The largest Korean neighbourhood in Japan is home to some of the best Korean food eateries and stores in Osaka. Robert Kodama takes us through the old and new market in search for an authentic Korean experience without the need of purchasing a plane ticket.
Korea Town Markets - Tsuruhashi - image © Robert Kodama
Tsuruhashi is easily reached by taking the JR Osaka Loop Line (Kanjo-sen) from JR Osaka Station to JR Tsuruhashi Station (Y180, 16 minutes). To reach the Korea Town area, take the West Exit of the station. This exit takes you directly into the heart of the covered shopping arcade of Tsuruhashi. This is the perfect starting point for diving into the historic stores that have been here since the end of the Second World War. The inhabitants of the area around the markets are predominantly of Korean descent, with 20% of the residents in the Ikuno Ward fitting this description. Most were either brought to Japan from Korea in the early 20th century during the Japanese occupation of Korea, or are descendants of those who were. These people, known as Zainichi Kankokujin (Japan-Resident Koreans), hold a special version of permanent residency granted to foreign nationals, and have thus made a living by transforming the area into a miniature version of South Korea.
Old bookstores and food outlets outside the train station - image © Robert Kodama
The market starts with an underground vibe, feeling quite separate from the outside world. It most certainly is a bubble of its own that hasn’t popped into modern society. I walk past elderly residents spending their time at the local bookstores and newsagents before being stopped in my tracks by something quite familiar from my travels to South Korea: that unmistaken aroma of spicy pickled vegetables that we know as kimchi.
The smell guides me around the dark corner to a narrow corridor lined with vibrant variants of the colour red. The dark feeling that pervades the area by the station transforms into light and noise as local vendors tempt you into trying a sample of their spread in the hope that you will part with your money for more. I duck away from the enthusiastic vendors back into the dark again.
Small vendors selling Korean pickled vegetables known as Kimchi - image © Robert Kodama
The corridors become smaller and there are plenty of corners to navigate. Many of the stores are shut, perhaps permanently, but every so often there is just one store amongst the shutters where an elderly person is selling whatever stock they have, perhaps dried food or old clothing. I continue to turn left and right until I come across a butcher selling every possible piece of a cow. Every organ was neatly separated into metal trays and set in its place with a price tag. It was a little strange to comprehend that so much of an animal could be digested, yet somewhat glad that the animal was not wasted in any manner. One final corner took me to a market oscillating with life.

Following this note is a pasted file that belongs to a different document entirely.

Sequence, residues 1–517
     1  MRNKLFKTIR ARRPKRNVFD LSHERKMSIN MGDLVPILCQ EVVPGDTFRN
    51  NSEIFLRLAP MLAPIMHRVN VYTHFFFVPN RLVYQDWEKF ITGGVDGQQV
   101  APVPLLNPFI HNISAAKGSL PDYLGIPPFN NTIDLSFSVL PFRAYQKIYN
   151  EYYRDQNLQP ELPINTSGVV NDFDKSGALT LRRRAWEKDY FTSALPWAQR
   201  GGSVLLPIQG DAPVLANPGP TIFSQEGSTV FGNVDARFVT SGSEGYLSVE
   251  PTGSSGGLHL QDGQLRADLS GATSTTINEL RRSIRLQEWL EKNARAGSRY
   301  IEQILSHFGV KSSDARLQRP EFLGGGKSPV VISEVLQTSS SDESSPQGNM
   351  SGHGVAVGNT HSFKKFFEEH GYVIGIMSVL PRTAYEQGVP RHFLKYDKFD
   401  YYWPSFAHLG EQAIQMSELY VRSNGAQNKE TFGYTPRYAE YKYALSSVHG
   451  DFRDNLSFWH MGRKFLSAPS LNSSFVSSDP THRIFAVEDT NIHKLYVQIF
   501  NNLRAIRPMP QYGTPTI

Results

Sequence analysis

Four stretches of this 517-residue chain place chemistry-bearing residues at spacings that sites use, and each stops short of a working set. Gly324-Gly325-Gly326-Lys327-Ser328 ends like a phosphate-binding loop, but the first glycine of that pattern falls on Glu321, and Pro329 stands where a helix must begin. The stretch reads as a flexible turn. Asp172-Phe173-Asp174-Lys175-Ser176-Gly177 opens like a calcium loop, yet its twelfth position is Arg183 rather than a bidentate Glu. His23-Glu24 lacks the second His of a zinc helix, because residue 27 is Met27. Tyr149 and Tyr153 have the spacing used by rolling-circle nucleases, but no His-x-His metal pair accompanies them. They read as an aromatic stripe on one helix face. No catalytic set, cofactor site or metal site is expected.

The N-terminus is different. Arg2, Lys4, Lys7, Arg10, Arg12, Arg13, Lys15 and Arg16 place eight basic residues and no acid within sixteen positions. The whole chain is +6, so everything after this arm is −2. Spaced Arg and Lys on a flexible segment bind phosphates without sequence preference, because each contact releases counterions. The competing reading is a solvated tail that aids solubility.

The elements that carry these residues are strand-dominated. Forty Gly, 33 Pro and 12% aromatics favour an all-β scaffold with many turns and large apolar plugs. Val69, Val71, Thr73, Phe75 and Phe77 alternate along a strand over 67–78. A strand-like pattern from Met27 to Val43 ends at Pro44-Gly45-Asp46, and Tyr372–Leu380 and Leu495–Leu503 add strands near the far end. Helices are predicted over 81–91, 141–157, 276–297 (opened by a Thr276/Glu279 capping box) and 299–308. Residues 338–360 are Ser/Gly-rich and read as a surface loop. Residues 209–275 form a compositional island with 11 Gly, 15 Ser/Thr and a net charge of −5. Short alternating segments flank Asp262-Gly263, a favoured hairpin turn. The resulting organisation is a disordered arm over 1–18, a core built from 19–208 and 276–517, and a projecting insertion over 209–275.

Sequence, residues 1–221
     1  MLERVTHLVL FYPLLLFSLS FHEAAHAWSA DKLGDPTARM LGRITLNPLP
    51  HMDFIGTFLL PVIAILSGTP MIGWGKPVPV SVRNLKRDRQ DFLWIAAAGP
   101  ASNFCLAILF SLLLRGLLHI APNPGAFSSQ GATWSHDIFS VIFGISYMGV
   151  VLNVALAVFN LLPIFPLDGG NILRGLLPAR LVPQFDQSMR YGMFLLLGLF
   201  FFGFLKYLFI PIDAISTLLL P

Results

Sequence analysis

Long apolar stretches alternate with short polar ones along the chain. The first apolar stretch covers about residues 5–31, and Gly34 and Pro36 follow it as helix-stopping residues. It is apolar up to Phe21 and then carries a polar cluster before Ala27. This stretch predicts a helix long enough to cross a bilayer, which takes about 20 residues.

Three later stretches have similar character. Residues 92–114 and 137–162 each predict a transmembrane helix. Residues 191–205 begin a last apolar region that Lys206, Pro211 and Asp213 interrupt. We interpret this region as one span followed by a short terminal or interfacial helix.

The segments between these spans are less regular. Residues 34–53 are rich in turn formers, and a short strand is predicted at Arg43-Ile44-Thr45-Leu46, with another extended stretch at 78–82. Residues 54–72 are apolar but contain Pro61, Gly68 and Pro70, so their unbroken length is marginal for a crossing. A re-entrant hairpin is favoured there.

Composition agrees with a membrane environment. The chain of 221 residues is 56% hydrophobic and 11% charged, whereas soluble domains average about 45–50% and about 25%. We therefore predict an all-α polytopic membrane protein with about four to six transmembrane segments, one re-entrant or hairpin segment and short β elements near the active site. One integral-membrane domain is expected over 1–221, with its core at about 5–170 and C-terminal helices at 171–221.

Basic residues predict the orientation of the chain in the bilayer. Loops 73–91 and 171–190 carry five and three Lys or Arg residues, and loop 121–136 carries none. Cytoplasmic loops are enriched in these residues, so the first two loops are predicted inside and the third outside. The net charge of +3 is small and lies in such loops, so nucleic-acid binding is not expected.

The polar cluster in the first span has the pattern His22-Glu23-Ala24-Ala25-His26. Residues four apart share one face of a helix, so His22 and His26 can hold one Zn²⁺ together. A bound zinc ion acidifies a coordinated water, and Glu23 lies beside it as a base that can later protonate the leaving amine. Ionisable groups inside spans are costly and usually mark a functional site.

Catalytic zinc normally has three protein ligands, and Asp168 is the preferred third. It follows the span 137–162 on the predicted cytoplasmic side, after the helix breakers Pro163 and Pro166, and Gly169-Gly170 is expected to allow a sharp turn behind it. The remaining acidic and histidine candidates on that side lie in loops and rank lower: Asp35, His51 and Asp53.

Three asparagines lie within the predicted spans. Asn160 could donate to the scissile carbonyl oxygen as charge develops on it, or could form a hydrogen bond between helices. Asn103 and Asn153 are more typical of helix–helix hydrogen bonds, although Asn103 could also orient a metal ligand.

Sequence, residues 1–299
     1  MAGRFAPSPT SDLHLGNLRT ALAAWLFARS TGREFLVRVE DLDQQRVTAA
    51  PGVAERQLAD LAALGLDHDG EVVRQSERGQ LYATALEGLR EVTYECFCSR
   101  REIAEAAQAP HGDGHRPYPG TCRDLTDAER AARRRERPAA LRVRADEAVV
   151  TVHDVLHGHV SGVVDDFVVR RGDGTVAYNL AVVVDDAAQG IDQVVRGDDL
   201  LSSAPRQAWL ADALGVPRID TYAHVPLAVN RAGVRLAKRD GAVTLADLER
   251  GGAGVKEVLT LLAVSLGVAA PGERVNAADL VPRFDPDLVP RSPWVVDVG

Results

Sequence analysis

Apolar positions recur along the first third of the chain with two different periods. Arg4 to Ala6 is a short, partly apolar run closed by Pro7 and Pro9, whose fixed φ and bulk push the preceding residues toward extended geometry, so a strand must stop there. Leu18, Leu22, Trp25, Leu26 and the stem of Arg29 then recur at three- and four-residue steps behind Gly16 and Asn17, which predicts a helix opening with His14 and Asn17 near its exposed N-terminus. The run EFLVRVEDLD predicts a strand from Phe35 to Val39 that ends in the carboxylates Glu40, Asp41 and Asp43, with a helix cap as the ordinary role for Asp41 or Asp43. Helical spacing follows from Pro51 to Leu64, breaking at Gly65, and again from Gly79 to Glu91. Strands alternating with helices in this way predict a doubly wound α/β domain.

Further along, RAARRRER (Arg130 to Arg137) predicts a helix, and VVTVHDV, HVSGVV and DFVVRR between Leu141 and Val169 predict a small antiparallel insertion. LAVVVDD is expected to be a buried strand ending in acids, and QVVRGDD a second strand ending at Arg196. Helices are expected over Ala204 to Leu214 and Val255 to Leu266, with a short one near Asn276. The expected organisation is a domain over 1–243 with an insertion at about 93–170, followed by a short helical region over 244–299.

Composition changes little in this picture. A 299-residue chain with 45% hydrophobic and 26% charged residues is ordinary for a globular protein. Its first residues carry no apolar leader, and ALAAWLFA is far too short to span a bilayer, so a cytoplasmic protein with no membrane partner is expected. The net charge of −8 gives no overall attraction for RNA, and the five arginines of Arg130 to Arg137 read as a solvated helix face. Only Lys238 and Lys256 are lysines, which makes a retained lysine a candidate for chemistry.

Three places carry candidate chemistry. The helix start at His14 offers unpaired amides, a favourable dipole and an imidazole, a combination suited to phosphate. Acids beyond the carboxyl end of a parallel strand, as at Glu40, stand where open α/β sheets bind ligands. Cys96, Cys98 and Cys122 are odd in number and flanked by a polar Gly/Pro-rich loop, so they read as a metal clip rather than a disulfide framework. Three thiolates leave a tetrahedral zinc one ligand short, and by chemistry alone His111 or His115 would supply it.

Vibrant food market in Korea Town - image © Robert Kodama
Bustling locals and vibrant colours greet me in a market akin to one you might see in a travel documentary on backpacking through Southeast Asia. Noise surrounds me as I take my steps forward and I try to process my environment. Every sense is stimulated as strong smells of further pickled vegetables and strong colours of fresh vegetables line the sides of this market.
A wide array of pickled vegetables in striking colours - image © Robert Kodama
There are stalls selling seafood products, some of which seem unusual to me but not so much to the nonchalant residents out on their grocery shop. One important concept that occurred to me whilst staring at the poisonous blowfish lying on the ice in front of me, is that the market acts as a meeting place where local residents can mingle. After spending time gazing at the market stalls, I headed down Hon-dori Street (the main market road) and exited the old market. The sights and smells of the market had made me hungry and I knew exactly where to find good Korean restaurants.
The new Korea Town - image © Robert Kodama
The new Korea Town market street is a short walk from the old market. The large signpost at the starting point combined with the lampposts decorated in traditional Korean patterns make it easy to find. This newer market provides a closer experience to South Korea in modern day times.